Fibrillines et fibrillinopathies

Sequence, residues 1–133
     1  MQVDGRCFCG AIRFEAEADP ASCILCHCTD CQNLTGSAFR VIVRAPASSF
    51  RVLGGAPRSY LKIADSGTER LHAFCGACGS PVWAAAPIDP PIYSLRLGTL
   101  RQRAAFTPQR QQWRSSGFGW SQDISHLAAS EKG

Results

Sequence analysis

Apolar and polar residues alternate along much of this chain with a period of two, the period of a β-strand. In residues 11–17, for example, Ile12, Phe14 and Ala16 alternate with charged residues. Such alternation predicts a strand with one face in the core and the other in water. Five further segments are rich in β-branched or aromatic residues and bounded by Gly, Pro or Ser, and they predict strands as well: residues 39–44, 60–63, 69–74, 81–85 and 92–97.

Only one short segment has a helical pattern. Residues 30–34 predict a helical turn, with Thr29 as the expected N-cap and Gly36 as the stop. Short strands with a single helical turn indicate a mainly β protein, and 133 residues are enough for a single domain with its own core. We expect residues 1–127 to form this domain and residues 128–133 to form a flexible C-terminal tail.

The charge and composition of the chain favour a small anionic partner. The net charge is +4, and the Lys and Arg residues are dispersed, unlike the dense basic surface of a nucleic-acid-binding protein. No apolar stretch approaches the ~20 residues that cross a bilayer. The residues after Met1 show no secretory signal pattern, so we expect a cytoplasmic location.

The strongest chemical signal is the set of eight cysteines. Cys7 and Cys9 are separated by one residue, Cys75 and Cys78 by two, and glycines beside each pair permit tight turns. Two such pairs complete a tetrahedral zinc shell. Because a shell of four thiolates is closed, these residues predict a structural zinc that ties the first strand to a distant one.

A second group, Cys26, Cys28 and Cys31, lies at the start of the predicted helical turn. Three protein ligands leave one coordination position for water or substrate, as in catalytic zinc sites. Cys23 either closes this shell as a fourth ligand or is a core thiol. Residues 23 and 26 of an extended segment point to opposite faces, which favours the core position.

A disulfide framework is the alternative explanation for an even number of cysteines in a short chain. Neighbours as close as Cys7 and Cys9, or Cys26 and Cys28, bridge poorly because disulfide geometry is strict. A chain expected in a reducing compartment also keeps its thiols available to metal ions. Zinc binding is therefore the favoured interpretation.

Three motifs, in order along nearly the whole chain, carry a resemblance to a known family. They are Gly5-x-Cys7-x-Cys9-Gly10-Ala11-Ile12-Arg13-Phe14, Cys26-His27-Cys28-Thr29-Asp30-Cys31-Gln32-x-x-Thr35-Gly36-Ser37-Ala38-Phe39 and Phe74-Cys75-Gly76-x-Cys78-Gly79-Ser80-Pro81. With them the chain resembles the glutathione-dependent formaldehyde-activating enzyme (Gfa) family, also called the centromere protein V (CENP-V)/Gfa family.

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Les fibrillines sont les constituants majeurs du réseau microfibrillaire. Cette structure du tissu conjonctif est, soit étroitement associée aux fibres d'élastine, soit présente en agrégats isolés dans les tissus dépourvus d'élastine. Les travaux de biologie cellulaire et moléculaire ont permis d'élucider la structure des fibrillines et de commencer à appréhender leurs relations avec les autres constituants de la matrice extracellulaire. Mais, c'est la description de leur altération dans différentes maladies du tissu conjonctif, dont le syndrome de Marfan, qui a révélé leur importance.Microfibrils contain a variety of proteins, the most prominent of which are the two fibrillins. Fibrillins are large glycoproteins (320 kDa) ubiquitously distributed in connective tissues. Together with amorphous elastin, fibrillin-containing microfibrils form the elastic fibers. Fibrillins are also found in microfibrils that are apparently unendowed with amorphous elastin, such as those forming the ciliary zonule. Fibrillins are encoded by two different genes: FBN1 on human chromosome 15q21 encodes type 1 fibrillin and FBN2 on human chromosome 5q23 encodes type 2 fibrillin. The most notable structural feature of these proteins is the presence of numerous calcium-binding epidermal growth-factor-like motifs interspersed with a few motifs homologous to those found in the binding protein for transforming growth factor beta. The study of the developmental expression of the fibrillin genes has revealed different patterns: FBN1 is mainly expressed during late morphogenesis while FBN2 expression coincides with early morphogenesis and notably the beginning of elastogenesis. Therefore, fibrillins could contribute to the structural and functional heterogeneity of microfibrils. This heterogeneity is reflected in the large phenotypic spectrum associated with mutations in the fibrillin genes. These mutations are found in a new group of inherited connective-tissue disorders: the fibrillinopathies. To date, 76 mutations have been identified in the FBN1 gene. These mutations are associated not only with the Marfan syndrome (MFS) but also with a spectrum of conditions phenotypically related to MFS including dominantly inherited ectopia lentis, severe neonatal Marfan syndrome and isolated typical features of Marfan syndrome. Conversely, only a few mutations have been reported in the FBN2 gene and they are observed in congenital contractural arachnodactyly. Important issues that will now have to be addressed concern the elucidation of the exact composition of the microfibrils and their spatial organization into tissue-specific macro-aggregates.